Knowles Family’s Vintage Lennox Heirloom

Purchased by general store owners in 1906, 16hp Lennox has remained in the same family ever since

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by Kelly Barnett
This 16hp Lennox engine (serial No. 1018) has remained in the Knowles family since its purchase in 1906.

As the years pass, businesses come and go with little fanfare. Many small towns once had “hub” businesses that helped support the local area. This is a story about a treasure from one such business in the sleepy little northeast Iowa town of Manly.

When Daniel Darius Knowles and his brother, Delavan, went into partnership in a local general store nearly 120 years ago, it is safe to say that the last thing on their minds was the final disposition of a 16hp Lennox stationary gas engine they used to grind feed for customers. But this one has remained in the same family ever since.

More likely, the brothers were focusing on installation of a power source to use in grinding feed. The facts behind their decision to purchase a Lennox engine remain a mystery. With all the engine manufacturers in that era, there was no shortage of options to choose from, especially for two brothers from the upper Midwest at the turn of the last century.

Lennox used to generate cash

The order for what would become a family heirloom was processed at the Lennox Machine Co. offices October 1, 1906. The order was for a 16hp screen-cooled gasoline engine with a 28-inch pulley and galvanized cooling tank. The engine was to be used to grind feed at the Knowles’ store.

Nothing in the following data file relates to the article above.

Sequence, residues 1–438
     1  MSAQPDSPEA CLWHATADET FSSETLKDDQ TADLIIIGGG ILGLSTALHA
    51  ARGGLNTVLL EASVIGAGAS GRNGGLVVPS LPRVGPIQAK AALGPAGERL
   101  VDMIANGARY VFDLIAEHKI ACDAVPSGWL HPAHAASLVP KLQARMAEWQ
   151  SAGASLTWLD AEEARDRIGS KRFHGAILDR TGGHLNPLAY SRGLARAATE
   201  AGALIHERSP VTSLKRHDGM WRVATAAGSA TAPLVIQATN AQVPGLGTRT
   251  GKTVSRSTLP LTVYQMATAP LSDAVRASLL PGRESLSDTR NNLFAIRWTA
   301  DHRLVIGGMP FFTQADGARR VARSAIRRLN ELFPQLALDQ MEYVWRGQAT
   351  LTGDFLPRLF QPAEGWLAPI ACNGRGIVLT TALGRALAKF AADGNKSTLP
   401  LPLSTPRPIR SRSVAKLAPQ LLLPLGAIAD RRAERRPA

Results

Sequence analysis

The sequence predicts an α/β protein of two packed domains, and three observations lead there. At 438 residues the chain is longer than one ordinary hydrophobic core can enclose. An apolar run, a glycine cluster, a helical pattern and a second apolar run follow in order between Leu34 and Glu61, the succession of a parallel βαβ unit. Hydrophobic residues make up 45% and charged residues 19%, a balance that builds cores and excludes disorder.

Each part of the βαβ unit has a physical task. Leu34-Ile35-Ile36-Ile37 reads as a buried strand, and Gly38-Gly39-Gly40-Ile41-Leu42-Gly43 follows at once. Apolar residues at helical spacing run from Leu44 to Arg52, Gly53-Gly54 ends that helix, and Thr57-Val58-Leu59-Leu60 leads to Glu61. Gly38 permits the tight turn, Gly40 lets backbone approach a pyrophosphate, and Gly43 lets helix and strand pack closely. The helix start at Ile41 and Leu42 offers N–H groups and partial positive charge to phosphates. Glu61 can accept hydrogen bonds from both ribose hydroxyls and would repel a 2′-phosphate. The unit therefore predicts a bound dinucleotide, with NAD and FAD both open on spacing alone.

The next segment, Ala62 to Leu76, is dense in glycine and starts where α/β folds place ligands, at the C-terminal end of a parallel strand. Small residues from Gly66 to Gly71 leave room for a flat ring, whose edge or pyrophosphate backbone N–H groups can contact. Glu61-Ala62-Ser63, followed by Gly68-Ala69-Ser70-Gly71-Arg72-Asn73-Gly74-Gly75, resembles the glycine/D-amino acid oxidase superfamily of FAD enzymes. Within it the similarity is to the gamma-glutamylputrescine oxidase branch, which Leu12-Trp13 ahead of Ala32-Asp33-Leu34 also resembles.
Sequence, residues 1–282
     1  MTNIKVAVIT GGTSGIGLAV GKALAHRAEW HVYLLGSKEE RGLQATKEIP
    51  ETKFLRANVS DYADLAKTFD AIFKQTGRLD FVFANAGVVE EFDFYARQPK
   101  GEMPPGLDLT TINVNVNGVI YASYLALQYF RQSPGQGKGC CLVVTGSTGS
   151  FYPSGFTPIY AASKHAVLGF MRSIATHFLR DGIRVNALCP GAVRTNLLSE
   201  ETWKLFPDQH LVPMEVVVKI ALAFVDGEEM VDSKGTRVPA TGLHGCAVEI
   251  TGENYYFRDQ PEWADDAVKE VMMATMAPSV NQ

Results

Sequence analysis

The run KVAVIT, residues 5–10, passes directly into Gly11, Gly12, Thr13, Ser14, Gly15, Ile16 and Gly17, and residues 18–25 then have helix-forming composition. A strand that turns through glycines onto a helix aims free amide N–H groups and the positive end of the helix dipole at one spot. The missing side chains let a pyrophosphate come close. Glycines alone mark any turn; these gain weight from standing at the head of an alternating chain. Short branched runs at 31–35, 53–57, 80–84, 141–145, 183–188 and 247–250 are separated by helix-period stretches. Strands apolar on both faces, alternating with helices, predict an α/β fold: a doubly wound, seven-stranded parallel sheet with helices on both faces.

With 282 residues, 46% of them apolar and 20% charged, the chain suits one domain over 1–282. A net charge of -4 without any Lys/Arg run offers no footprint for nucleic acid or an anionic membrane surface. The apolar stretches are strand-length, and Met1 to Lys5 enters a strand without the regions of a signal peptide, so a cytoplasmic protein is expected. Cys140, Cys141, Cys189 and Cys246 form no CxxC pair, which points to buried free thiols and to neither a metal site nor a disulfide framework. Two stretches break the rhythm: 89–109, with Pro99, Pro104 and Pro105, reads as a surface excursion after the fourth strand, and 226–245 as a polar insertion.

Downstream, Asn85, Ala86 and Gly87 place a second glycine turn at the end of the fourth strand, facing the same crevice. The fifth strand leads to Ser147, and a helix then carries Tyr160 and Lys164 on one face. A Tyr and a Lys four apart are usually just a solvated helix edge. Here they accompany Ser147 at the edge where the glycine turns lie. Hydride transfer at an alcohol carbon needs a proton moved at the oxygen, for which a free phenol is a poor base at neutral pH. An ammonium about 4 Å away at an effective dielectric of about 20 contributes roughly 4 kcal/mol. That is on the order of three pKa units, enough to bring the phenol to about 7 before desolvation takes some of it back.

The open crank engine was covered by a two-year guarantee against any breakage caused by a flaw in material or workmanship and the company would send a man to set the engine in place for the customer. All of this would cost the two brothers a whopping $375 (roughly $11,600 today), with payment due 60 days from the invoice date.

order form for lennox gasoline engine

The Knowles’ Lennox engine was meant to be installed on a foundation or footing. A fuel pump on the side of the base brings gas up to the overflow mixer. It also has a factory clutch pulley with a release lever behind the flywheel.

The Knowles brothers owned and operated the store for about 30 years. After Daniel’s death in 1926, his family – mainly his son Wilbur and daughter Martha – operated the store, which remained in operation until the late 1950s.

As a boy, Daniel’s great-grandson Eldon Hungerford noticed the large engine sitting behind a bunch of junk in a shed by the old store. Eldon says he always thought the engine looked interesting, but its size hampered his ability to tinker with it. In 1963, he purchased the engine from Wilbur Knowles.

The engine came with related treasures found in the same shed: the original purchase order as well as 1907 receipt for 60 gallons of Perfection gasoline (for a total of $5.85) and another 40 gallons of Crown gasoline ($6.60). Eldon said he figured those purchases kept the engine fueled for store use.

close up of the overflow mixer and air intake pipe

Inside storage protected vintage engine